Energy Efficiency Performance Contractors Boost Ohio's Education, Economy
Posted September 26, 2012
Wrapping paper sales drives, cereal box top campaigns, donation solicitations—as a child of California’s public school system, I was introduced early to fundraising. And while I have nothing but fond memories for the rotating disco ball awarded to me as a top magazine seller of my middle school, I am now beginning to wonder, what if there was a better way to close the funding gap?
Ohio legislators and schools have an answer: a resounding yes, in the form of energy efficiency. Recently named the nation’s leader in energy-efficient schools—259 of them LEED certified—Ohio’s education system, by using technologies and retrofitting inefficient buildings to use energy more efficiently, is redirecting capital from fossil fuels toward the schools’ bottom line: improving education. Implementing energy efficiency upgrades saves an average of $100,000 in annual operating costs, or enough money to hire two new teachers, buy 200 new computers, or purchase 5,000 textbooks.
While there are many factors that have led to this favorable outcome, including supporting state policies like Senate Bill 221, playing a central role is energy efficiency performance contractor Brewer-Garrett.
Providing energy efficiency services for more than half a century, Brewer-Garrett works in local schools, manufacturing facilities—including a cheese factory—, and commercial buildings to maximize the efficiency of their energy consumption and minimize their energy bills. Based in the Cleveland area, the company’s long-term success can be traced to the always-in-demand service they provide: lower energy bills.
Brewer-Garrett partnered with Great Lakes Cheese to increase the efficiency of their operations and drive down energy costs. Credit: Greg McDonald, Brewer-Garrett.
“Money is tight in Ohio,” says Energy Service Sales Consultant Dan Mitchell. “[Clients are wondering]” where do you save money? How do you make improvements?”
Energy efficiency performance contracting is one surefire way. Through a partnership—“marriage, really,” says Mitchell, Brewer-Garrett guarantees that a client aiming to increase a building’s energy efficiency will see significant enough savings to make money off of their initial investment, sometimes within as little as two years. If a client does not see a project’s savings exceed its costs, Brewer-Garrett writes the customer a check for the difference. “We have a lot of skin in the game,” says Mitchell. “We’re not in the business to write checks.”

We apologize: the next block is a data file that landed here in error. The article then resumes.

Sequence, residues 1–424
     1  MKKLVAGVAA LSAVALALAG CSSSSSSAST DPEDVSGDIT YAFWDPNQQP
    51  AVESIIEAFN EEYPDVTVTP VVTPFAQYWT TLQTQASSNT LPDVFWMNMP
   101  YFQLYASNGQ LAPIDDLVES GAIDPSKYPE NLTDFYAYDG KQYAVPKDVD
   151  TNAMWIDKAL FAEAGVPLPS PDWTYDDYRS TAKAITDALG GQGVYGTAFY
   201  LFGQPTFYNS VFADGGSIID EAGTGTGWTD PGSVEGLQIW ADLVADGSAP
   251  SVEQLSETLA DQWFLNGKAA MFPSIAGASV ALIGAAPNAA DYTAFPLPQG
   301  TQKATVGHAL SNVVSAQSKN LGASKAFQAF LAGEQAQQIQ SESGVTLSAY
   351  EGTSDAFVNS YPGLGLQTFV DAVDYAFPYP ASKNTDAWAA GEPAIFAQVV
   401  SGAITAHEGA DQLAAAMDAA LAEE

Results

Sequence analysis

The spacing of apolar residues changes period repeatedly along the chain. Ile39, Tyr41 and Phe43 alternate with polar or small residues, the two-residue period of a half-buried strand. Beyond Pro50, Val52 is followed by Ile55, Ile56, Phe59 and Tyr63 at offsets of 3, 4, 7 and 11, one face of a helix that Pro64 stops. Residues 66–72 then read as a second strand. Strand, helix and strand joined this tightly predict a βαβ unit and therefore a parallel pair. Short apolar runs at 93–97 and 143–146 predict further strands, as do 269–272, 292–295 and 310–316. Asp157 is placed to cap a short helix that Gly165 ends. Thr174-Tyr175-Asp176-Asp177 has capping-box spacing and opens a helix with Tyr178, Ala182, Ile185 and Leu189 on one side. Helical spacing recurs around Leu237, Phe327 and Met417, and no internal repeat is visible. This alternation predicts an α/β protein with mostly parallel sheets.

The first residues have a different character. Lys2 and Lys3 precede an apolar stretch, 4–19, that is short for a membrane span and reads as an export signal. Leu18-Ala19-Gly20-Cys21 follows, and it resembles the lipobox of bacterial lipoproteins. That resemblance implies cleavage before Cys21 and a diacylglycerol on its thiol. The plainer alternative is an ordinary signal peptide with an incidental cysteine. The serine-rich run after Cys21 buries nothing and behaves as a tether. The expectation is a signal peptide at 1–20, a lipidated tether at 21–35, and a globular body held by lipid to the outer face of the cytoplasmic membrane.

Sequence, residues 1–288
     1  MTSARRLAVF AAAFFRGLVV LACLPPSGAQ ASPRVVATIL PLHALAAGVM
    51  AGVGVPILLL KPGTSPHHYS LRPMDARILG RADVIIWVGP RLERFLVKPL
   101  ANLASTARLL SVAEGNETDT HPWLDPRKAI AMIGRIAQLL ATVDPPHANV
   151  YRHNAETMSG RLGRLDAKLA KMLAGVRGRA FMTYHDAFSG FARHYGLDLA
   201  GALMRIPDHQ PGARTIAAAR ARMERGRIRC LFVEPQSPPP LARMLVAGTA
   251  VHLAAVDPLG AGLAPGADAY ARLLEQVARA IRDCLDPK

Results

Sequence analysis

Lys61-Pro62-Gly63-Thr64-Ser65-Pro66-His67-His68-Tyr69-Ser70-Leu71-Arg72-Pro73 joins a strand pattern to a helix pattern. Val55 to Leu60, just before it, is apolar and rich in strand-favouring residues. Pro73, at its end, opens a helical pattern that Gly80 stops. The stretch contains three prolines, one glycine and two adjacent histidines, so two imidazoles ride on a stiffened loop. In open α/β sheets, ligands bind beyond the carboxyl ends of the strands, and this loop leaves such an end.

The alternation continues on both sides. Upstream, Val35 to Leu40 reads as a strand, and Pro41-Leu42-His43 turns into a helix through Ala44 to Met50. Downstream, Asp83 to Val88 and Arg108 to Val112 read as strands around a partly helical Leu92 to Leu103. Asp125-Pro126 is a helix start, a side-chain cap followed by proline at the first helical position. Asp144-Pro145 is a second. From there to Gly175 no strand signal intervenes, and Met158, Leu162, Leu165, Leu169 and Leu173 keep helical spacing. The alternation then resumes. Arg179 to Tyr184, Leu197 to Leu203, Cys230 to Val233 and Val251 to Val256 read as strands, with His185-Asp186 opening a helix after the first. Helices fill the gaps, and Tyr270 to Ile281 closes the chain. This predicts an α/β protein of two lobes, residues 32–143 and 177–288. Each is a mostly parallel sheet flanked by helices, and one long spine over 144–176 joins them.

What’s more, the company, employing analysts, engineers, and contractors, offers not only audits and consulting, but also the engineering expertise to see a project through in entirety. “A turnkey solution,” says Mitchell, and one that helps clients unlock energy savings to reduce local pollution and energy bills.
In a region struggling to retain capital and jobs, saving money otherwise exported to import dirty energy is a very smart investment indeed. As more and more buildings realize these savings, more and more jobs are created, both by the building owners and by Brewer-Garrett, which, in addition to hiring nearly ten percent of its 150 person workforce in the past year, is still on the lookout for more new employees.
Beyond increasing its own workforce, Brewer-Garrett is impacting the economy of Cleveland—and Ohio as a whole—by retaining local capital to support job creation. How does energy efficiency create jobs? As the amount people spend on energy bills declines, the money that would have been spent on fossil fuels is instead redirected to hamburgers and haircuts, which take more labor per dollar to produce.
The economic advantages of energy efficiency are indeed plentiful, but a different type of green benefit cannot be forgotten: the emissions reductions of carbon dioxide and other pollutants. “The greenest energy is the energy you don’t use,” Mitchell points out. Having completed projects that cumulatively save 96 million kilowatt-hours annually, Brewer-Garrett’s work is equivalent to taking nearly 13,000 cars off of the road. Given that Ohio’s electricity is largely generated from dirty coal-fired power plants, these savings have significant environmental, as well as health, implications.
And many projects also have educational implications beyond the monetary savings they provide for schools, by engaging students in the upgrade process. Cleveland State, currently working with Brewer-Garrett on improvements slated to reduce the school’s energy consumption 20%—saving $62.9 million—by 2021, utilizes the efficiency initiative to educate students on energy management. Students of other Ohio schools are also benefitting from the hands-on learning opportunities that come with energy efficiency upgrades.
The recently completed student center at Cleveland State is LEED certified. Credit: Brewer-Garrett.
To see that student and faculty engagement plays an integral role in a school’s energy management scheme, Brewer-Garrett partners with energy education specialist the Green Apple Project to translate their energy upgrades into curricula. Employing an energy project education toolkit that includes, among other things, technologies that measure the energy use of different appliances, the Green Apple Project engages students to be aware of energy management both in school and at home.
Especially in today’s world, lessons in energy efficiency seem much more valuable than the ones I got selling wrapping paper.